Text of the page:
Relations with Students. With regard to relations with students, the term “faculty” or “faculty member” means all those who teach and/or do research at the University including (but not limited to) tenured and tenure-track faculty, librarians, holders of research, lecturer, or clinical appointments, graduate students with teaching responsibilities, visiting and part-time faculty, and other instructional personnel including coaches, advisors, and counselors. The University’s educational mission is promoted by professionalism in faculty/student relationships. Professionalism is fostered by an atmosphere of mutual trust and respect. Actions of faculty members and students that harm this atmosphere undermine professionalism and hinder fulfillment of the University’s educational mission. Trust and respect are diminished when those in positions of authority abuse or appear to abuse their power. Those who abuse their power in such a context violate their duty to the University community.
Faculty members exercise power over students, whether in giving them praise or criticism, evaluating them, making recommendations for their further studies or their future employment, or conferring any other benefits on them. All amorous or sexual relationships between faculty members and students are unacceptable when the faculty member has any professional responsibility for the student. Such situations greatly increase the chances that the faculty member will abuse his or her power and sexually exploit the student. Voluntary consent by the student in such a relationship is suspect, given the fundamental asymmetric nature of the relationship. Moreover, other students and faculty may be affected by such unprofessional behavior because it places the faculty member in a position to favor or advance one student’s interest at the expense of others and implicitly makes obtaining benefits contingent on amorous or sexual favors. Therefore, the University will view it as a violation of this Code of Academic Ethics if faculty members engage in amorous or sexual relations with students for whom they have professional responsibility, as defined in number 1 or 2 below, even when both parties have consented or appear to have consented to the relationship. Such professional responsibility encompasses both instructional and non-instructional contexts.
1. Relationships in the Instructional Context. A faculty member shall not have an amorous or sexual relationship, consensual or otherwise, with a student who is enrolled in a course being taught by the faculty member or whose performance is being supervised or evaluated by the faculty member.
2. Relationships outside the Instructional Context. A faculty member should be careful to distance himself or herself from any decisions that may reward or penalize a student with whom he or she has or has had an amorous or sexual relationship, even outside the instructional context, especially when the faculty member and student are in the same academic unit or in units that are allied academically.
Relation to the University. Indiana University is committed to the concept of academic freedom and recognizes that such freedom, accompanied by responsibility, attaches to all aspects of a teacher’s or librarian’s professional conduct. Within this context, each person observes the regulations of the University, and maintains the right to criticize and to seek revision and reform. A teacher or librarian determines the amount and character of work done outside the University with due regard to paramount responsibilities within it. When considering interruption or termination of service, the teacher or librarian recognizes the effect of the decision upon the program of the University and gives due notice. Above all, he or she strives to be an effective teacher, scholar, librarian, or administrator.
Relation to the Community. As members of the community, academic appointees have the rights and obligations of any citizen. They should measure the urgency of these obligations in the light of their responsibilities to their subject, to their students, to their profession, and to the University. When they speak or write as citizens, they are free from institutional censorship or discipline. At the same time, their positions as members of a university and of a learned profession impose special responsibilities. When they speak or act as private persons, they will make it clear that they are not speaking or acting for the University. They will also remember that the public may judge their profession and the University by their utterances and conduct, and they will take pains to be accurate and to exercise restraint.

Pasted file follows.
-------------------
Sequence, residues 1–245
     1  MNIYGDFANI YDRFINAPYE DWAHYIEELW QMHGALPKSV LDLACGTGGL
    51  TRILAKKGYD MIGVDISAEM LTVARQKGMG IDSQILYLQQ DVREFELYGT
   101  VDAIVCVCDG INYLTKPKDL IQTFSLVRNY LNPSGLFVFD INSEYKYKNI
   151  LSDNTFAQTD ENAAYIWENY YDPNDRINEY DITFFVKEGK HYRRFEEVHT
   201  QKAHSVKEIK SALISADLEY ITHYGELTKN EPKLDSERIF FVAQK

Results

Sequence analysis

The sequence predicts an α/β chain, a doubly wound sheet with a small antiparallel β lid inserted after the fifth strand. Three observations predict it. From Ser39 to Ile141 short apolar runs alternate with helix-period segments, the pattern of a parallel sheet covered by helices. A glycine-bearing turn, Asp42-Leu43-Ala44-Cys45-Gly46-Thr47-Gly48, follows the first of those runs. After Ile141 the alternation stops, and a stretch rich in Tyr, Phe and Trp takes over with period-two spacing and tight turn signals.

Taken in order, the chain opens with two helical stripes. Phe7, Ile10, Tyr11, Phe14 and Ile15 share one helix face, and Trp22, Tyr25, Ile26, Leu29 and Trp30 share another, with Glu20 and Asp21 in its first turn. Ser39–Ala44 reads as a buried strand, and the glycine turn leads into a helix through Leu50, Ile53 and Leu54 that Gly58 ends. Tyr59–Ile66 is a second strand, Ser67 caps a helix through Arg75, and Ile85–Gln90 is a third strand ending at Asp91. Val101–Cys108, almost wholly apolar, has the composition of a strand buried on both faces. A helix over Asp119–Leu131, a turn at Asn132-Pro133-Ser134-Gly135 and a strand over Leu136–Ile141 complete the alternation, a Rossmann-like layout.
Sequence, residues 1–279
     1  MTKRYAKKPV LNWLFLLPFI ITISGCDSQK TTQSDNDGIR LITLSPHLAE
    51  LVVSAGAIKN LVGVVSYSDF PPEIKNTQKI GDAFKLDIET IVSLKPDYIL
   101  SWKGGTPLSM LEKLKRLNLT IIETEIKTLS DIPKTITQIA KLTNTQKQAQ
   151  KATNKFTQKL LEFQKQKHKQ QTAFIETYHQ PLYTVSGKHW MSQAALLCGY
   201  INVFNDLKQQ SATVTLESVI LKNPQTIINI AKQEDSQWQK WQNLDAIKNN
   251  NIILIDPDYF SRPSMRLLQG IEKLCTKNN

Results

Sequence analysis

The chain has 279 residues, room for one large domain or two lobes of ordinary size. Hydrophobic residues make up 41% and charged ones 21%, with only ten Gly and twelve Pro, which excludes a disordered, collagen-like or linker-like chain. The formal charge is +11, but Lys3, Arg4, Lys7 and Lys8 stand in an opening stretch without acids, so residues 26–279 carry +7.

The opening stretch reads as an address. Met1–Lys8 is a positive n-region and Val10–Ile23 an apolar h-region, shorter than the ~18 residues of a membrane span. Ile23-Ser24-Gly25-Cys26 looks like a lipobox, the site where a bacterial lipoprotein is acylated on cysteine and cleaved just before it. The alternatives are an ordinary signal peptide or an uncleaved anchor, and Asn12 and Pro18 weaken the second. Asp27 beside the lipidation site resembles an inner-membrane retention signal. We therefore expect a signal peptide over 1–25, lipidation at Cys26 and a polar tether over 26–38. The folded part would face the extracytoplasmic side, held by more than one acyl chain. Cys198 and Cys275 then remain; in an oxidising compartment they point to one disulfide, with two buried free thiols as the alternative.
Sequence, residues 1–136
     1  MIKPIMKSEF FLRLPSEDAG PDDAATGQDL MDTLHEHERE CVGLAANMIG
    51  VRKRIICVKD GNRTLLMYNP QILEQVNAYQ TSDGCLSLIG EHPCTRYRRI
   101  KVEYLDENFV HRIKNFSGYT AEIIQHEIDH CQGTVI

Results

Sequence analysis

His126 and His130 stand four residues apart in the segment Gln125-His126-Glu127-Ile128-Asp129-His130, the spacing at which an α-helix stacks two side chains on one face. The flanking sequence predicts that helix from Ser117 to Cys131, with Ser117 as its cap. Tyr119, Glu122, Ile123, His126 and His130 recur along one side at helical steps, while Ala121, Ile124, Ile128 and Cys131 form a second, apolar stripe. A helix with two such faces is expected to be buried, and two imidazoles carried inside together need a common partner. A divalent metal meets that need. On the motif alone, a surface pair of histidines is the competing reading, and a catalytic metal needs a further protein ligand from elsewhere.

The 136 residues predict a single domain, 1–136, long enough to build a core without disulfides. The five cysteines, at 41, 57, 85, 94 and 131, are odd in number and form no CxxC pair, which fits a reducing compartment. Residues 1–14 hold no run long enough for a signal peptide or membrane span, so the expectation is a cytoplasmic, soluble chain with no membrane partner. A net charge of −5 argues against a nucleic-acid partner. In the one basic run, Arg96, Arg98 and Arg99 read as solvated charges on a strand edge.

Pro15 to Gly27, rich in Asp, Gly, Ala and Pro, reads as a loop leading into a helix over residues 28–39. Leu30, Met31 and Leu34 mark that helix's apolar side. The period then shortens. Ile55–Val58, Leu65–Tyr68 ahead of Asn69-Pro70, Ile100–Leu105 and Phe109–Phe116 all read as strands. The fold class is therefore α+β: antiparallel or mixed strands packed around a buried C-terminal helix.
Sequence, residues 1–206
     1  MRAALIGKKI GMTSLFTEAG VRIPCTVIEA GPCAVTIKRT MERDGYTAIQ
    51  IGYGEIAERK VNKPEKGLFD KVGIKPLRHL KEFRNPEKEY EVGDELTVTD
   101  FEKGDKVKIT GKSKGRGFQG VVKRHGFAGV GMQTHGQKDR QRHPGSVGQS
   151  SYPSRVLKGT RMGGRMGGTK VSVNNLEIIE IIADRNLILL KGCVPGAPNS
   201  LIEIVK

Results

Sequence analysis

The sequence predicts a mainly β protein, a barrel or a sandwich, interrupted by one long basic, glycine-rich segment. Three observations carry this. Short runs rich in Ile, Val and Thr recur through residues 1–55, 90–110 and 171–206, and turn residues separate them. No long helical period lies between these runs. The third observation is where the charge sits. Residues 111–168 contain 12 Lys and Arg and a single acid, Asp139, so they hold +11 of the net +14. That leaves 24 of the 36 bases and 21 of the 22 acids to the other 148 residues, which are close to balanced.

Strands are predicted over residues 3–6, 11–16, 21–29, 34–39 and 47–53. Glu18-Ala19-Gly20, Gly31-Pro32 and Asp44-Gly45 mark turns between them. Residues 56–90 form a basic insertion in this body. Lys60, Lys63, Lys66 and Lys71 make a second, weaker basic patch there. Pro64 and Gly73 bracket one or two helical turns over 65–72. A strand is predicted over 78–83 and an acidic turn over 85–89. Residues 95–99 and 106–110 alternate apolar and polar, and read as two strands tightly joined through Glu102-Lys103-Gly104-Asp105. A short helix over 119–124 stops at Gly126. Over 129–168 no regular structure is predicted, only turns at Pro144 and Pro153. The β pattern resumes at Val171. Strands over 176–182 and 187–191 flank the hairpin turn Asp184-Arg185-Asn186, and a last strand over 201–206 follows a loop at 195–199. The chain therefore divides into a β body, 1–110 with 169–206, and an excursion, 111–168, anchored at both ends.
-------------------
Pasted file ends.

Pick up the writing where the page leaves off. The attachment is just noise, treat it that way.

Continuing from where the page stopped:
II. Specific Responsibilities In addition to the preceding general statements of ethical performance within the academic profession, there are specific responsibilities that devolve upon the academic appointee who accepts a position at Indiana University. Observance of such specific responsibilities as the following is also a component of academic ethics. 1. A teacher will maintain a clear connection between the advance description and the conduct and content of each course presented to ensure efficient subject selection by students. 2. A teacher will clearly state the course goals and will inform students of testing and grading systems; moreover, these systems should be intellectually justifiable and consistent with the rules and regulations of the academic division. 3. A teacher will plan and regulate class time with an awareness of its value for every student and will meet classes regularly. 4. A teacher will remain available to students and will announce and keep liberal office hours at hours convenient to students. 5. A teacher will strive to develop among students respect for others and their opinions by demonstrating his or her own respect for each student as an individual, regardless of race, sex, national origin, religion, age, or physical handicap. 6. A teacher will strive to generate a proper respect for an understanding of academic freedom by students. At the same time, a teacher will emphasize high standards and strive to protect students from irrelevant and trivial interruptions or diversions. 7. Since letters of evaluation written by a teacher may be uniquely important documents in both the academic and post-university life of a student, each teacher will strive to make such letters both candid and fair. 8. A librarian will continually develop, maintain and make improvements to standard and specialized information resources and library services in support of the teaching, research and general learning functions of the University. 9. A librarian will cooperate with the teaching and research faculty to develop library collections in support of the curricular offerings of the academic community. 10. A librarian will strive to generate a proper respect for academic intellectual freedom in the discharge of the librarians’ professional obligations to the patron, the University, and the community at large. 11. A librarian will strive to care for and preserve library information resources. 12. A librarian accepts the responsibility for the care and preservation of library materials. 13. Academic personnel will strive to protect not only their own right to freedom of inquiry, teaching, and expression but also their colleagues’ right to the same freedoms. 14. In the interest of avoiding actual or perceived conflict of interest, academic personnel should not directly supervise employees with whom they are having sexual or amorous relationships. Academic supervisors shall disqualify themselves from employment-related decisions concerning such employees and, in consultation with the employee involved and other appropriate persons, the Dean of the Faculties or other equivalent campus administrator shall take steps for the appointment of a surrogate supervisor. 15. While in the classroom, academic personnel should refrain from adverse personal comments about their colleagues. At all times, academic personnel should exercise restraint and discretion in comments about other courses or divisions in the University. 16. Constructive criticism of colleagues is sometimes necessary in the interest of the individual criticized or the entire University community. To be constructive, however, such criticism should be channeled, in confidence, toward those persons (preferably the individual concerned, but also academic superiors, faculty committees, or administrative officers) who have the power to correct or influence conduct in a constructive way. Indiscriminate criticism or gossip about colleagues is condemned. 17. Each academic person retains the right to criticize and to seek to remedy, by appropriate means, regulations and policies of the University. Among means deemed inappropriate are: acts of physical violence against members or guests of the University community; acts which interfere with academic freedom, freedom of speech, or freedom of movement; and acts of destruction of University property. It is equally inappropriate to advise others to commit such acts. 18. If criticizing the University, the academic person should be aware of ameliorative procedures that exist within the University and should use these procedures in preference to conducting public criticisms of the institutions or any of its divisions. 19. Each academic person will insure that outside commitments do not interfere in terms of time, energy, or conflict of interest with obligations to the University. As a safeguard against such interference, each will: a. report to an appropriate authority plans to engage in gainful activities of an extensive, recurring, or continuing nature; and b. notify an appropriate authority of any invitation to serve as advisor or consultant to an agency granting money to the University. 20. He or she will give adequate notice of interruption or termination of service. In order that instructional programs will not be interrupted, before leaving, the academic person will: a. complete all normal duties; b. provide complete records of grades and similar data to departmental chairpersons; and c. provide properly for incomplete class and thesis work. 21. He or she will work with colleagues individually and collectively toward furthering both personal and group interests so long as such cooperation does not require violation of intellectual and moral integrity. 22. Each academic person will accept a share of the obligation for helping the University function smoothly as a living and vigorous organization. Toward achieving this goal, each will serve on committees, accept a reasonable burden of administrative duties, and work cooperatively with administrative officers of the University in order to further all the legitimate goals of the institution